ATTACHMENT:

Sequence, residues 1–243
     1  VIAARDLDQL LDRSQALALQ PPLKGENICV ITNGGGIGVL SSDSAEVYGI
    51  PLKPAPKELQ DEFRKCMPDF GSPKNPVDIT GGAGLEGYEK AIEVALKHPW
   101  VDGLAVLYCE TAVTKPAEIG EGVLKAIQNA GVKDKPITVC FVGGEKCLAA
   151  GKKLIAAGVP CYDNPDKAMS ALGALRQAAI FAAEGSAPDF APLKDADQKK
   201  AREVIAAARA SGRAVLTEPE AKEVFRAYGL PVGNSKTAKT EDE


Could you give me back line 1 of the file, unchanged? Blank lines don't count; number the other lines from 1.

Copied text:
Sequence, residues 1–243